Recession Gives New Meaning to "Starving Artists"
Recession Gives New Meaning to “Starving Artists” is a story about the recession and how artists are discovering new ways to stay afloat during the dire state of the economy. Find out what they are doing to keep their art in the public view and out of their closets.
“Starving Artist,” is no longer a form of expression. It has now become an actualization. The art community has been hit especially hard by the economic downturn. Although some artists support themselves solely on the sales of their work, the majority merits their incomes from additional work, doing graphic design or teaching. But much of that employment has vanished as a result of the recession.
Austin Robbins, a 23-year-old photography business owner (Ceylon Studios) who grew up in Bloomsburg wasn’t convinced the location of a small town would produce enough profit to sustain his new business. “Main Street feels like it’s been dying off and I wanted to bring something back to the downtown area where people could just hang out and watch the interaction,” Robbins says.
His new location, Elizabethtown, Pa, is a college town similar to Bloomsburg. Although it doesn’t have as much foot traffic, the downtown shop owners hold monthly meetings with the agenda of improving the downtown area in hopes of trying to get people to interact more with their town and notice the local businesses. The primary goal of these meetings is to consider options to make positive influences and have a positive impact on the student life.
Though the effects of the recession have been particularly hard on artists, gallery owners and hopeful entrepreneurs, Robbins was determined to prevail in a time of economic dismay. Although his business seemed to pick up quickly, Robbins has recently discovered that many people would rather have a friend take their pictures, rather than spending the extra cost in a professional studio. The price of a SLR (single lens reflex) cameras has been dropping at an increasingly high rate, making it possible for most anyone to own one. “It’s risky in my opinion. Wedding pictures, senior pictures, they are things that only happen once in your life, and its an experience everyone should have. Pictures last forever. Memories are something you should always invest more in,” Robbins concluded.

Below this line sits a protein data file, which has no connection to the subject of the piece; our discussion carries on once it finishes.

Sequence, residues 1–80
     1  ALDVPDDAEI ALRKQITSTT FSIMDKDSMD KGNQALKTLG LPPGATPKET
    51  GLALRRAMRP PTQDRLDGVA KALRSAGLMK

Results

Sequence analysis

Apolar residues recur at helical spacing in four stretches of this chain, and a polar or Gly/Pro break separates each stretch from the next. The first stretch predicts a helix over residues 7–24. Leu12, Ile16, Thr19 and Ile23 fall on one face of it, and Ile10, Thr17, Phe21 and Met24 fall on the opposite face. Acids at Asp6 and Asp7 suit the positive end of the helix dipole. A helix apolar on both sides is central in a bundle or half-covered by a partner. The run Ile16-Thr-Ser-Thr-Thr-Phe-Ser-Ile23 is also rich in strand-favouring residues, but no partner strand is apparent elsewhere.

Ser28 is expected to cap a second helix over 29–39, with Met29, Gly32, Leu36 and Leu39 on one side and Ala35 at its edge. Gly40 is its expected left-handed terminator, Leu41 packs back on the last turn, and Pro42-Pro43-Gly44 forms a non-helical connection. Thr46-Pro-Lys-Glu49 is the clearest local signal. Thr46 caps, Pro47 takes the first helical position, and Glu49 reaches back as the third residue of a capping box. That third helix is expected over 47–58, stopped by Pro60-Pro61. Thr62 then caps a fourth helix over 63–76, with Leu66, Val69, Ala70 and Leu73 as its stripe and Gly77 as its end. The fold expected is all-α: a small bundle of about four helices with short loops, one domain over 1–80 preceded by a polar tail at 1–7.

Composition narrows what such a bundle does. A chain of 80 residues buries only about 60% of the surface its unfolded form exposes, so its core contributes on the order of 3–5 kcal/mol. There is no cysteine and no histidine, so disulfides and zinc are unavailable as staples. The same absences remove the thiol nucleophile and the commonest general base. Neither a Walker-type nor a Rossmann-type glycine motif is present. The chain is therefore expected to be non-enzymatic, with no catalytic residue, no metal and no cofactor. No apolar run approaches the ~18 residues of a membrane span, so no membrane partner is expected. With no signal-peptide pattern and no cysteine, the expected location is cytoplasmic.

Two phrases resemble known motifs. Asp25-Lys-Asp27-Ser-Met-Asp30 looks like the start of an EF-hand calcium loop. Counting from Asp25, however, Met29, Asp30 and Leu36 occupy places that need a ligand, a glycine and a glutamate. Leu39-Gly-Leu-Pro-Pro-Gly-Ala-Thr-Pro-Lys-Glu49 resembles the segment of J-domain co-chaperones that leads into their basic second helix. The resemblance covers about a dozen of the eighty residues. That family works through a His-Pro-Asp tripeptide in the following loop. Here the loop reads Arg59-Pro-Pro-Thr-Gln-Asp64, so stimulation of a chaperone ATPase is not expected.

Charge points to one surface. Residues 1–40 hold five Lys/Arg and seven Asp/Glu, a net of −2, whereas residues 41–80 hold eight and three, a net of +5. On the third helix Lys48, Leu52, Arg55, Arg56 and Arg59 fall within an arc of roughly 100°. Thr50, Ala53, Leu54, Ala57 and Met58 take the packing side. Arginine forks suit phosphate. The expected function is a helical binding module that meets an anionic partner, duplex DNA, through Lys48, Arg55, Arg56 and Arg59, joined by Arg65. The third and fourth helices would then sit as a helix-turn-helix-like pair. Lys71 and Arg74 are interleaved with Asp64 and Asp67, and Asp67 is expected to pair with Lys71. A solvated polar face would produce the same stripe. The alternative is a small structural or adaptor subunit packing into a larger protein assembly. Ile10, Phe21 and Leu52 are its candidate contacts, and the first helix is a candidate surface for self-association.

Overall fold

The New York Foundation of the Arts recently conducted a statewide survey on how the recession is affecting artists and found that many have lost their jobs and are struggling to afford studio space and materials as well as covering their daily living expenses. To make matters worse, many artists have lost representation, as more galleries have tightened their belts or shut down altogether.
Over the past year, several galleries have had to close including Bellwether Gallery, Cohan and Leslie, Rivington Arms and 31 Grand, while the Zach Feuer artists are applying for teaching positions, boosting job applications at art schools but not the number of positions available.
As galleries close and art nonprofits suffer from cutbacks in funding and the loss of support from private institutions, artists must look for new outlets and resources in order to sustain themselves. Many have discovered alternative options for showcasing their work and staying afloat financially.
While it is easy to focus on the negative, many artists are transforming their struggle into opportunity, proving tough times can also be a period of remarkable ingenuity. Funding Emerging Art with Sustainable Tactics (FEAST ), a reoccurring communal dinner in a church basement, is a means of democratically supporting emerging local artists. Open to the public, diners pay for their meal on a sliding scale and vote for one of the proposed artists projects, which is then funded by the proceeds from the dinner and presented at the next FEAST.
The economic downturn might not make profits any easier or sustainable for artists, but they continue to look ahead.